Performance analysis of wireless edge caching in future wireless networks
Item statusRestricted Access
Embargo end date27/11/2022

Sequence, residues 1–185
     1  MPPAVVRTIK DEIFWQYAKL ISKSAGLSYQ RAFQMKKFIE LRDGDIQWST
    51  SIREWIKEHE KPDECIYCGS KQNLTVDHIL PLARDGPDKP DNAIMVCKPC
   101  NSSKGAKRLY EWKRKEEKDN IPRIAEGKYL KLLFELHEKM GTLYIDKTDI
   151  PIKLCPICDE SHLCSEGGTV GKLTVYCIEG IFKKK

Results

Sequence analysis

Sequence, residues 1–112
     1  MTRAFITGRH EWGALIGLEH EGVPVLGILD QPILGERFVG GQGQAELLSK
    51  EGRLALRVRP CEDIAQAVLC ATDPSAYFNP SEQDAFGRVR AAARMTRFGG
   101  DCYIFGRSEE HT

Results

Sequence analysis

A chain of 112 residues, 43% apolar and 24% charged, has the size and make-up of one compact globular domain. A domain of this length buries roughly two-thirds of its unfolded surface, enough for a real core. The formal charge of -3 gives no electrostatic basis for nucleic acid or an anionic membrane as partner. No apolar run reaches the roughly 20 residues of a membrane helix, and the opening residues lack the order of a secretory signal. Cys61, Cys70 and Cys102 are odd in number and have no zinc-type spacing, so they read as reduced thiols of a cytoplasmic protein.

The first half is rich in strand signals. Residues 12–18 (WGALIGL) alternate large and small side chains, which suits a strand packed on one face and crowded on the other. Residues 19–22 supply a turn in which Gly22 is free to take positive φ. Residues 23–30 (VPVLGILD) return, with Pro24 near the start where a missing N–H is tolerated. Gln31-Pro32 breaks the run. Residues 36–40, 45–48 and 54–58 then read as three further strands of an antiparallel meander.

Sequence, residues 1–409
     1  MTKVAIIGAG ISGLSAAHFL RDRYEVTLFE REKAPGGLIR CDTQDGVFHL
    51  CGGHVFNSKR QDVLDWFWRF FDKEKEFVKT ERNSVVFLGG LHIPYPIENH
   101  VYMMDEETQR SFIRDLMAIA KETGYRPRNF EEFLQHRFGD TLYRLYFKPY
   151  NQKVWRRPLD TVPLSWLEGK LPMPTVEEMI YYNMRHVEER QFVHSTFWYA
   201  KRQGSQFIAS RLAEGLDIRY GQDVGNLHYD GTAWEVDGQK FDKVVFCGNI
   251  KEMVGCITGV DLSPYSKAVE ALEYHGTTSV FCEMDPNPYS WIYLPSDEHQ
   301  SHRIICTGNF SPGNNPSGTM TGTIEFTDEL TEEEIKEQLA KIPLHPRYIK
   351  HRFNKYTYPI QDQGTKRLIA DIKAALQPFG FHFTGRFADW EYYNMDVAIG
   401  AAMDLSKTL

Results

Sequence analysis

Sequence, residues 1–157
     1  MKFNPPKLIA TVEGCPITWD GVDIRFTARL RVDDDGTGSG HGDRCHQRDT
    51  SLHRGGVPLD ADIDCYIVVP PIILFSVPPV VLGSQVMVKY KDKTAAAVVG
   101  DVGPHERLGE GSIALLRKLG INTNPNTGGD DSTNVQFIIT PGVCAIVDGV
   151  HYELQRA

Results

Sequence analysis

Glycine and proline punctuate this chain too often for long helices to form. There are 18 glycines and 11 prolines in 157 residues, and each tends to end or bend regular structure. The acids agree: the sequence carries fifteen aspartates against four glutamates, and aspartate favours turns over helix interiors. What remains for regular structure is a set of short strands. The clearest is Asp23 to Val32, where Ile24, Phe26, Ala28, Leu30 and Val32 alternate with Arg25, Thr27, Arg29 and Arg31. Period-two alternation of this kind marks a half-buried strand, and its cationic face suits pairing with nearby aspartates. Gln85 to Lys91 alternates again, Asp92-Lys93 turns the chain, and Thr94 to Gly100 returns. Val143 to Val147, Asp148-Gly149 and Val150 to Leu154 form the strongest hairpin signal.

The demand for higher capacity and lower latency in wireless mobile networks is constantly on the rise, motivating the development of next generation mobile systems. Accordingly, various fifth generation (5G) and beyond solutions such as i) network densification, ii) moving from the congested frequency range 1 (FR1, < 7.125 GHz) bands to FR2 bands (> 24.25 GHz), commonly known as millimetre wave (mmWave) spectrum, iii) massive multiple input multiple output (mMIMO), vi) integrated access and backhaul (IAB) architecture, and v) in-band full duplex (IBFD) radio have been proposed. However, while the above solutions are beneficial for access links, they do little to alleviate the burden on backhaul links. In fact, the backhaul network has become a new bottleneck with respect to both capacity and latency requirement due to the fact that the substantial amount of redundant and repeated requests generated over networks by the billions of connected devices are inevitably forwarded to the core networks through backhaul links. Consequently, in this thesis, caching technique is investigated for the wireless domain to seek potential solutions for the aforementioned issues. In particular, wireless edge caching (WEC) in conjunction with the aforesaid solutions provided for access is investigated in a holistic framework to achieve the common goals of improving the quality of service (QoS) of networks and quality of experience (QoE) for users. The work is divided into the following four main parts. In the first part, we focus on the design of content caching placement algorithms through the joint optimisation of content placement and delivery phases with respect to the average success probability (ASP) of file delivery for FR2-FR1 hybrid heterogeneous networks (HetNets). To simplify the non-convex nature of the problems and obtain design insights, we consider two different scenarios: i) noise-limited and ii) interference-limited, and then separately derive the ASP of file delivery for both environments using stochastic geometric tools. Finally, we propose optimal caching placement algorithms by maximising the derived ASP of file delivery for both the scenarios. Numerical results show the feasibility of WEC in such hybrid networks and demonstrate the superiority of the proposed caching placement scheme over other commonly used caching placement schemes, namely uniform caching (UC), most-popular content caching (MC), and random caching (RC). In the second part, we develop a unified analytical framework involving both backhaul and access for a cache-enabled hybrid network, which includes a tier of storage-equipped FR2 small cells with hybrid beamforming overlaid with a tier of mMIMO-aided traditional FR1 macro cells. In particular, under the limited backhaul constraint, we give a holistic performance analysis of the cache-enabled hybrid network on the average latency, throughput, and ASP of file delivery with respect to two open-access user association policies: i) location-based and ii) content-based. Numerical results demonstrate that there exists an optimal small base station (SBS) density that provides the best latency and throughput performance. Also, we show that the latency under content-based user association is less than that of location-based user association, and although the difference in the average rates under two user associations is not obvious, content-based user association can extricate more backhaul capacity and thus reduce installation cost significantly. In the third part, we shift our attention to the study of WEC for a Third Generation Partnership Project (3GPP) inspired IAB network operating at FR2 bands. Traditionally, both access and backhaul are allocated fixed spectrum. However, as caching alleviates the backhaul traffic, a large amount of spectrum resource that can be moved to access links but occupied by the backhaul limits the capacity of access links and henceforth constrains the overall network performance. Motivated by this, the objective of this part is to analyse the joint impact of spectrum resource partitioning and WEC for the IAB framework under the wide-band FR2 channel assumption in terms of three key performance metrics, namely the ASP, throughput, and latency of file delivery. Numerical results demonstrate that there exists an optimal spectrum partition for IAB with respect to different network parameter settings. Furthermore, there exists a tradeoff in the selection of the optimal partitioning factor with respect to the ASP/throughput and latency performance for varying IAB node densities. Finally, in order to further improve the spectral efficiency and latency for retrieving non-cached contents, the fourth part develops an analytical framework for cache-enabled IBFD-aided FR2-IAB networks with the wide-band FR2 channel model, using which we analyse the ASP, throughput, and latency of file delivery considering the content delivery phase to give several design insights with respect to residual self-interference (SI) cancellation, antenna number, target data rate, and IAB node density. Finial results demonstrate the precedency of using WEC as a cost-effective measure not only for improving the IBFD-aided FR2-IAB network’s performance but also for alleviating the level of residual SI cancellation required for the deployment of practical IBFD-aided FR2-IAB networks.